Wildlife officials didn’t really know what to expect with the opening of the first wolf hunting season in Wyoming this October 1. So far, just over one-third of the state’s quota has been reached, even though the state is only 17 days into its three-month season. By the end of October 16, there were 24 wolves harvested in the entire state.

Only 20 of those wolves count against the state’s allowable quota of 52 wolves. The quota was set in the “trophy game” area of Wyoming, the northwest corner of the state, including Yellowstone National Park. Licenses are required to hunt wolves there during the open season. Wyoming Game and Fish Department Public Information Officer Eric Keszler said about 90 percent of the state’s wolf population resides in this area because there is adequate habitat to support the wolf there. There are an estimated 328 wolves in the entire state.

The area outside the trophy game area is known as the predation area. In this area, there are only believed to be 20 or 30 wolves. Here, wolves can be harvested at any time by any means so long as they present a threat to livestock, humans or property. Four of the 24 reported harvested wolves this year were in the predation area, but they do not count against the 52 total allowable for the state’s quota harvest.

The quota of 52 wolves is not as simple as it seems. Keszler said that quotas are arranged by hunting units within the trophy game area. Once a quota is reached within one unit, no more wolves can be taken in that unit, even if the overall state quota has not been reached yet. So far, three of these units are one wolf away from reaching their quota. The season will end once the unit quotas totaling 52 wolves are reached, or on December 31, whichever is sooner.

Keszler said the department didn’t know how this wolf hunt was going to play out since they do not have previous years to compare to. “We didn’t know what to expect, we [the state] didn’t have a wolf hunting season in Wyoming,” Keszler said. “It’s hard to say if it [the harvest] is fast or slow, but I think it’s important for people to understand that there isn’t a huge wolf slaughter going on. This is a regulated hunting season.”

Image from Steve Jurvetson (jurvetson) on the flickr Creative Commons

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  • B.S. it isn’t a slaughter ! They have killed 20 wolves in 17 days in that one area because they are luring the semi-tame wolves out of Yellowstone with bait and electronic calls ! The first wolf shot in the Wyoming hunt was a female Yellowstone wolf, who had obviously been nursing pups throughout the summer, and she was lured out of the park by a wolf hunter using an electronic “puppy in distress” call!! How low can some people sink? Why is this legal? Why is it illegal to shoot or torture a dog, and a legal sport to shoot or torture a wolf?? Their DNA differs by 2/10 of 1%!!!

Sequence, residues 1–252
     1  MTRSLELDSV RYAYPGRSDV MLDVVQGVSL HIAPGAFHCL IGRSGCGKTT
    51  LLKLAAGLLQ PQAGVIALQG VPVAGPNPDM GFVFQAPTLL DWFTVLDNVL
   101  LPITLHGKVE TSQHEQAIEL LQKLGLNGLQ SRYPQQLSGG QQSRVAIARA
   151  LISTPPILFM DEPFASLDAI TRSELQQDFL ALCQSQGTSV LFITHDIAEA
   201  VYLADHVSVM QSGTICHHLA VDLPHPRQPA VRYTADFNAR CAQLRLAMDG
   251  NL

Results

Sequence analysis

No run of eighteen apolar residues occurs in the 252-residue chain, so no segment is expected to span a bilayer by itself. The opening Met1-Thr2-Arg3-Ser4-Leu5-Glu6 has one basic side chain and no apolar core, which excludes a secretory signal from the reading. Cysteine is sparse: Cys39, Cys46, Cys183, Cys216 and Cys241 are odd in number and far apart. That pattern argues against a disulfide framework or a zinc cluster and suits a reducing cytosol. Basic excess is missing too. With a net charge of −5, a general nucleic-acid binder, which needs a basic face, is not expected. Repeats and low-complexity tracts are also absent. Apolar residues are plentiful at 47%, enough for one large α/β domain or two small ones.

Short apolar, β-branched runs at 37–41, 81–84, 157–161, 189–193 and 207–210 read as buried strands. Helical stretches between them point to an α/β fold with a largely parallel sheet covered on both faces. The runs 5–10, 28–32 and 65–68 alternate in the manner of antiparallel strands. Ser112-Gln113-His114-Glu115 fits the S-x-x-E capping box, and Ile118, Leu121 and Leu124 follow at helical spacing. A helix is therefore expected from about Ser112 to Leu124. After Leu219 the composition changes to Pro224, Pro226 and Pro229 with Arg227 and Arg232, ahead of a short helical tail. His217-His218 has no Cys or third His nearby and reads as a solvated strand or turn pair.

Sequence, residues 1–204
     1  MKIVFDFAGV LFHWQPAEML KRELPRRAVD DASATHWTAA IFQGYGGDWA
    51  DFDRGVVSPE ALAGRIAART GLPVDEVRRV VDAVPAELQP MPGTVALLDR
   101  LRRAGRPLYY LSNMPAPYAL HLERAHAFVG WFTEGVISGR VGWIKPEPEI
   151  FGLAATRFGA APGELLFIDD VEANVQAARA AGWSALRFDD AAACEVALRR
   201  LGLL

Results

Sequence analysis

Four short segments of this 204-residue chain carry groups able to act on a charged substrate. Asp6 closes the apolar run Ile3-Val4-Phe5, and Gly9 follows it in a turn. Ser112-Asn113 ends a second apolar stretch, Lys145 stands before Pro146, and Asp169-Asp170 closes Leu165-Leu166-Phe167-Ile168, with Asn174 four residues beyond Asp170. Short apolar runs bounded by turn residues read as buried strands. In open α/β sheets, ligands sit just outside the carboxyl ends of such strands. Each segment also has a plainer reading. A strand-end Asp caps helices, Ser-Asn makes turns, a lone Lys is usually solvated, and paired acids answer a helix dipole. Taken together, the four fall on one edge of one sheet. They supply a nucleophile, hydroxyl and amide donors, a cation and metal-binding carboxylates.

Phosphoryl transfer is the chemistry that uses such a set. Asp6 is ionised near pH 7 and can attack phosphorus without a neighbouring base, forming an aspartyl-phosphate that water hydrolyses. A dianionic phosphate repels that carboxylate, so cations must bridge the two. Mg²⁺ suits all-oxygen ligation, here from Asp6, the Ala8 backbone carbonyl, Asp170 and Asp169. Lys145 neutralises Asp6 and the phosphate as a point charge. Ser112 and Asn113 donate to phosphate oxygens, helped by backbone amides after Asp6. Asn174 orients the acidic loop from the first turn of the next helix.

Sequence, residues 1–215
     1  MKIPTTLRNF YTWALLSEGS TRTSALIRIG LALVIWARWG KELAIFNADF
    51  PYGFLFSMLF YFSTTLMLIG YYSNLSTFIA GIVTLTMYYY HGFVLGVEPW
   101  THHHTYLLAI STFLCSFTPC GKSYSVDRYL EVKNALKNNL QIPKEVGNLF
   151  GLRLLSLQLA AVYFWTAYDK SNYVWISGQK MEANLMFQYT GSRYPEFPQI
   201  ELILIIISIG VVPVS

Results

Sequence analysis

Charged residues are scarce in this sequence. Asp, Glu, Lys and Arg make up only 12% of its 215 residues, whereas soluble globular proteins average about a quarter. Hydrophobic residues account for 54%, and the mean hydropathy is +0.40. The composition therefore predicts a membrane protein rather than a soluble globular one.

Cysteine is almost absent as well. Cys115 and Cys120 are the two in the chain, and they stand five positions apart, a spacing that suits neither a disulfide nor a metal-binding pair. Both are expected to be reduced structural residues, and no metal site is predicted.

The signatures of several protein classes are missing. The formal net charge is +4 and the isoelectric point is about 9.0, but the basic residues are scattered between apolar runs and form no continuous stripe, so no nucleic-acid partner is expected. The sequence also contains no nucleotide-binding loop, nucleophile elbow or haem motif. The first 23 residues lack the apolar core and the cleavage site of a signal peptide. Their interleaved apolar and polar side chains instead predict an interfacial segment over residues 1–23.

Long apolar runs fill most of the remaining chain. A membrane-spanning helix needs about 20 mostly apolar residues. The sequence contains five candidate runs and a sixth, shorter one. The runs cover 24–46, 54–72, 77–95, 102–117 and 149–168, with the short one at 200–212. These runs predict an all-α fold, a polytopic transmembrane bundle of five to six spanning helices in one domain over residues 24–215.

• Mitch King

    Glad to see the Wyoming wildlife agency stepping up and implementing a scientifically based approach to establish a reasonable balance between wolf numbers and their primary prey species while recognizing the role of Wyoming’s hunters.

    • Gee Mitch- maybe you haven’t been paying attention. Elk numbers in predator hating Wyoming is 25% over objectives….We all know you “sportsmen” (all laugh here) don’t like it when wolves, coyotes or other predators act like wild animals and kill game that you think belongs to you….. The role of Wyoming ‘s hunters? Are you talking about the SLOB hunters that use hounds to kill coyotes? (like Jamie Olson- he’s the poster boy for Wyoming Slob Hunters)…..You people don’t have a freakin clue about the social ecology of predators

  • YellowstoneKat

    I agree with Ann. I hunt, but only for game that will be eaten. To kill anything you don’t eat isn’t hunting, it’s killing. Luring a wolf in with any calls is very low indeed. The wolves have done great things to the environment here in the Park. I came from a family that ranched near the Park and have been educated, by personal observation and scientific data, about how important it is to have the wolf in the environment. It makes no sense to kill that which has improved the entire area. Especially an animal that is the only animal ever to come off the endangered species list directly into a hunting season. Makes no sense at all. You don’t hear that the amount of wolf predation on livestock has been very minimal, or that the ranchers have ways to coexist with the wolf that are working very well. You don’t hear that chronic wasting disease and brucellosis have ravaged the elk population, which actually stemmed from over population, resultant from the extermination of the wolf here over 70 years ago. Nope, you don’t hear about that. Why? It all has to do with lack of education. The data is out there, one just has to look for it.

  • There are those who justify themselves by stating that man is a part of the eco-system too.This was true when native Americans had all the land.But when the U.S. first waged war on wolves,that was not natural…nor is it natural for snow mobiles,a.t.v.s,and aircraft.Now man has become a plague to wildlife,especially wolves and other preditors,that hunters don’t respect.